Just like running shoes differ from hiking boots, snow helmets are different from bike or skateboard helmets. They are made to handle the toughest obstacles you'll find on the mountain: trees, hard ice, gravity and the elements. They have specific features such as ear coverage, moisture-wicking liners and temperature-sensitive materials.
The shell, or outer layer of the helmet, is a rigid surface (typically ABS high-impact plastic) that protects the head against sharp objects, knocks and abrasions. It also helps spread impact energy over a larger portion of the helmet during a fall.
The inner liner is typically made from EPS (expanded polystyrene) foam, the material that looks like Styrofoam®. It's designed to absorb impact and help reduce brain injuries.
In a hard fall, the liner foam can get compressed, a condition that you may or may not be able to discern. A helmet should always be destroyed and replaced after a serious fall.
In-mold helmets are made by attaching the shell and shock-absorbing foam in a single molding process. They are sleek and much lighter than injection-molded helmets.
Injection-molded helmets use an EPS foam bonded to a separate shell, usually made of high-impact ABS plastic. These helmets offer more durability against everyday knocks and falls, while providing similar impact protection.
Some helmets have detachable ear pads and liners for adjustable warmth.
If possible, try on helmets at your local REI store to find one that is most comfortable. Your goals are to make sure it fits comfortably and sits on your head correctly for best protection.
Tip: Bring your goggles with you to the store and try them on with the helmet.
You can do so by measuring your head or, if at your REI store, just by trying on sizes. If using a tape measure, position it just above the ears and about 1" above your eyebrows. Measure around the largest part of your head (keeping the tape level) to determine the circumference of your head. Look at the chart on the helmet packaging to find your best size.
A good helmet should feel snug but not tight. If the helmet can rock back and forth, the fit is too loose. Shake your head from side-to-side. If the helmet shifts, try a smaller size, adjust the sizing mechanism or use thicker sizing pads. Push up the front and back edges. If they move, tighten the straps.
There should be no gap between the top of your goggles and the helmet. Make sure the helmet fits snugly to the top of the goggles, but not so low that it hinders vision or pushes down the goggles.
The helmet should be positioned low enough in the front to protect your forehead. It should sit level with its front edge no more than 1" above the eyebrows. Finally, check to make sure there are no gaps between your head and the helmet lining.
Note: A few models use sizing pads to fine-tune the helmet's fit.
The chinstrap needs to fit back against the throat so it will not come off when it is impacted. The strap should fit snugly but loose enough for you to be able to chew food without feeling choked or pinched. Always fasten the strap before riding.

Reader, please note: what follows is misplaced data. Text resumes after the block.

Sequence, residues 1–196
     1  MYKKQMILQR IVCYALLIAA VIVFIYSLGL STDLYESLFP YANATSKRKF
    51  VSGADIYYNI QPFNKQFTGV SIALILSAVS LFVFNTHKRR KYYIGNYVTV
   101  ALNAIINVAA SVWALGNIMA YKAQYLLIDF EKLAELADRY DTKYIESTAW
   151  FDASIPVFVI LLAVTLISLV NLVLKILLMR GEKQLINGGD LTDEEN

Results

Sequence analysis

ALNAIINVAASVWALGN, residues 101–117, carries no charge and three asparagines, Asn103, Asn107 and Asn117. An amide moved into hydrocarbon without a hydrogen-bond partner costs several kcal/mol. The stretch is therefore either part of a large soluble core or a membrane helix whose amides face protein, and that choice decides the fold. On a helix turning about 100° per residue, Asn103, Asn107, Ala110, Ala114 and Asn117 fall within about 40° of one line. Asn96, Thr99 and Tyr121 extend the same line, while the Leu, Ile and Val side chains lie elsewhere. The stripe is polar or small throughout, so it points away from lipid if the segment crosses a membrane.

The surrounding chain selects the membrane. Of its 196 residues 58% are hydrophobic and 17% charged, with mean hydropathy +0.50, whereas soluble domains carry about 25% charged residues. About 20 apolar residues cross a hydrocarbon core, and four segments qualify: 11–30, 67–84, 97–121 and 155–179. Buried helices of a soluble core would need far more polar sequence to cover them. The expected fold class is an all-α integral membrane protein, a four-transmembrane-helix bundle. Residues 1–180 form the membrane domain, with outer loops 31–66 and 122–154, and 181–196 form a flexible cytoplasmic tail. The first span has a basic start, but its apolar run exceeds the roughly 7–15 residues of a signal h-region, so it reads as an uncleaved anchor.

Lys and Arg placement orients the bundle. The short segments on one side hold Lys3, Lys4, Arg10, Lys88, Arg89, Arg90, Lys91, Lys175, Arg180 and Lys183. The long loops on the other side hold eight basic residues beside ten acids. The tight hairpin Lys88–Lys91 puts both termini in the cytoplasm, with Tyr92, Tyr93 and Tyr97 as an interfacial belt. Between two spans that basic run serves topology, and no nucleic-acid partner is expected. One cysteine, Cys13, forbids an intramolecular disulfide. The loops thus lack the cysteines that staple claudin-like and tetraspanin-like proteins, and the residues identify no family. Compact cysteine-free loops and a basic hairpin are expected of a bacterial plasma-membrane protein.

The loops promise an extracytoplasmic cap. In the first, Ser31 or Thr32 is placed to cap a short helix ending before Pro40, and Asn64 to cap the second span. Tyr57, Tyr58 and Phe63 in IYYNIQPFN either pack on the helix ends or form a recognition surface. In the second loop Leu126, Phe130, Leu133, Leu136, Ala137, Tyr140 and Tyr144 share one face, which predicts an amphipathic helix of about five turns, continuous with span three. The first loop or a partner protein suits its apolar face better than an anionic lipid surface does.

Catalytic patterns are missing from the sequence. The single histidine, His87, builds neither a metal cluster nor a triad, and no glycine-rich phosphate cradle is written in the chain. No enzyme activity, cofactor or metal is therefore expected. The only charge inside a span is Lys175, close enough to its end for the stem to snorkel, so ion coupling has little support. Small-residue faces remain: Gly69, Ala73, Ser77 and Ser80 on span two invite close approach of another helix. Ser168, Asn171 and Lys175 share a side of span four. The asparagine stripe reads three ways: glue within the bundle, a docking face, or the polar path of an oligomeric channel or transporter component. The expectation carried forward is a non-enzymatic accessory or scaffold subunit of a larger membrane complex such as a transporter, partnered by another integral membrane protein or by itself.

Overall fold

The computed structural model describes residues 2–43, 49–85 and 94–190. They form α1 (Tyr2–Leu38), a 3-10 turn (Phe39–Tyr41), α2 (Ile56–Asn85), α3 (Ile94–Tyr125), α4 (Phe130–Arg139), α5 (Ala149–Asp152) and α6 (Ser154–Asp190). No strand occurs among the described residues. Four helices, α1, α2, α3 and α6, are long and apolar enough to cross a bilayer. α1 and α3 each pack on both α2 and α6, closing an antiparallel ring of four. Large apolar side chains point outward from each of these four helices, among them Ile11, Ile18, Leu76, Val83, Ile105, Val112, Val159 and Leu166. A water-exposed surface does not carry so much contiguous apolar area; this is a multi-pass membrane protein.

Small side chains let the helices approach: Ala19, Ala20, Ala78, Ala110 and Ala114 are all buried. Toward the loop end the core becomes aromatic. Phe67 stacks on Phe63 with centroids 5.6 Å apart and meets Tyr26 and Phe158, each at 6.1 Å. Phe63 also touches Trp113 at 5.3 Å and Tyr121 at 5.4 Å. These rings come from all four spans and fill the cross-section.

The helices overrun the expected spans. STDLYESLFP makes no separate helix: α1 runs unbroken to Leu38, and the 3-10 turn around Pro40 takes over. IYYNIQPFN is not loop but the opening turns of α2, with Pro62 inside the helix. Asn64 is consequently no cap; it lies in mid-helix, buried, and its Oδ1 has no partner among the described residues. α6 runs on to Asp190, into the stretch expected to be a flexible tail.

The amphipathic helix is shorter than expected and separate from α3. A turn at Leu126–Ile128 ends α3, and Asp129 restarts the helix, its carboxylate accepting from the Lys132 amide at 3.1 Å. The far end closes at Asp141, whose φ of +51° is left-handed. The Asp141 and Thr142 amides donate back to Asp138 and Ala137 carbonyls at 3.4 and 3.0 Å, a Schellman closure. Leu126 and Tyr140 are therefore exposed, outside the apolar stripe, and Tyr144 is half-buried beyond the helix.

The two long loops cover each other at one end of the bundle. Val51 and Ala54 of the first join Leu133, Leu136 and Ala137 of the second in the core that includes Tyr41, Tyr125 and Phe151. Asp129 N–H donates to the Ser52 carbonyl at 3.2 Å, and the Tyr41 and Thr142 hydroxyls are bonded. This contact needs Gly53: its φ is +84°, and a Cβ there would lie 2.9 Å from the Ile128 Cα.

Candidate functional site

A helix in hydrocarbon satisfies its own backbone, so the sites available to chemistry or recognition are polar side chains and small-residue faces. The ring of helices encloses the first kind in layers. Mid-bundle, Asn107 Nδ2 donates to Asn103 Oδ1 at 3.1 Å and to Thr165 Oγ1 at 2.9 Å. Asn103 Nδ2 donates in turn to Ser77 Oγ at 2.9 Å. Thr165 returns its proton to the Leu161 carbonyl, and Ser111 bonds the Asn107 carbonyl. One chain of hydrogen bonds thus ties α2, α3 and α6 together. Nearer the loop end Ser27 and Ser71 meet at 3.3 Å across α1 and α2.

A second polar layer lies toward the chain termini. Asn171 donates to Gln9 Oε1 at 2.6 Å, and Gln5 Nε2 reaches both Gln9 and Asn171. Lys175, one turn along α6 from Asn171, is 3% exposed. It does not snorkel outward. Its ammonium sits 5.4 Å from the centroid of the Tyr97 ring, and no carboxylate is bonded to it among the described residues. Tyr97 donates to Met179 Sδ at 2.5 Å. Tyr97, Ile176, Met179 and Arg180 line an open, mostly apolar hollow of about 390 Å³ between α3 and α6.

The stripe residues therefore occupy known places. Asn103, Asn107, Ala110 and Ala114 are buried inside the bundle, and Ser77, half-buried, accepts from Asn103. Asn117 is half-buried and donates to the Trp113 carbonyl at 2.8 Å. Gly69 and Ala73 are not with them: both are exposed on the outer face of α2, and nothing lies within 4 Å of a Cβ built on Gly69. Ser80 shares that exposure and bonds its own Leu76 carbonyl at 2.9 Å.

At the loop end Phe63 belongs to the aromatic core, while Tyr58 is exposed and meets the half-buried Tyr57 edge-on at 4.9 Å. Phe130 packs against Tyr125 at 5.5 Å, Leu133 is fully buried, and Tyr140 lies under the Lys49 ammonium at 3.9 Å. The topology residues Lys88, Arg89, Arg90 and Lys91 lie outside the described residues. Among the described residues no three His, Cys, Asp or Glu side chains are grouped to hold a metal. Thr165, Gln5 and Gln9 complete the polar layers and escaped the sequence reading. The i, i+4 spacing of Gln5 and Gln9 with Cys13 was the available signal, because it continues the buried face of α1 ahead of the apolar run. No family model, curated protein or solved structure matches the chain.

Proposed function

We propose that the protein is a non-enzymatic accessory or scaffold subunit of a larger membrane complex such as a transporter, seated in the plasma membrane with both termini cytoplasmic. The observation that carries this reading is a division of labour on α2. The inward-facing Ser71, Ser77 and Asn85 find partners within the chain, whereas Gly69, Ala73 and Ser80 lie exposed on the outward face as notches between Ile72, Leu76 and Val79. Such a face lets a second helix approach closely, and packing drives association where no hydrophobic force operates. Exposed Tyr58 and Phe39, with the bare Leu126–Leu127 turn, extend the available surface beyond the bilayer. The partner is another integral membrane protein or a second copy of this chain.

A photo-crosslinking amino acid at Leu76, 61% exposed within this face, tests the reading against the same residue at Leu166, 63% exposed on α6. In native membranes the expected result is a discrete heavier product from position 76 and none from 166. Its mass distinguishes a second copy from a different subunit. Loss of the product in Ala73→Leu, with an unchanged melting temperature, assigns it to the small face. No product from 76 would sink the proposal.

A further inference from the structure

Vents bring cool air in and warm, sweaty air out. Some helmets have removable plugs, which means you need to take your helmet off to adjust the airflow. More desirable are helmets with adjustable vents. With the push of a lever you can instantly fine-tune your airflow level and not interrupt your ride.
ASTM F2040 is the most common snow helmet certification. This U.S.-based standard covers nonmotorized recreational snow sports including skiing and snowboarding. All snow helmets sold at REI meet this certification. Look for the ASTM sticker on the inside of the helmet to ensure its certification.
CE EN1077 is a European certification for alpine skiing and snowboarding helmets. Some helmets are certified to both ASTM and CE EN standards, though one could conceivably meet the CE EN standard but not the ASTM standard. Currently, a few snow helmets sold at REI have both endorsements.
The Snell safety standard is rarely pursued these days by snow-helmet manufacturers and is no longer a factor in this category.
Important note: Helmets are valuable but not invincible. Per the ASTM website: "Although a helmet that meets this specification will help reduce the risk of some types of injuries to the head at slower speeds, the protection is limited."
Helmet use has become widespread. A survey by the National Ski Areas Association in 2011-2012 showed that 67% of all skiers and snowboarders voluntarily wear a helmet. That's up from 24% in 2002-2003. Many ski resorts require helmet use for minors taking a ski/snowboard lesson or renting gear. One state, New Jersey, requires helmet use by skiing or snowboarding minors.
Most of the increase, however, is due to education and outreach efforts. The bottom line is that helmets, while not perfect, offer an added measure of safety and adjustable warmth that makes sense for any pursuer of downhill thrills.
By Steve Tischler
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Last updated: 02/18/2014
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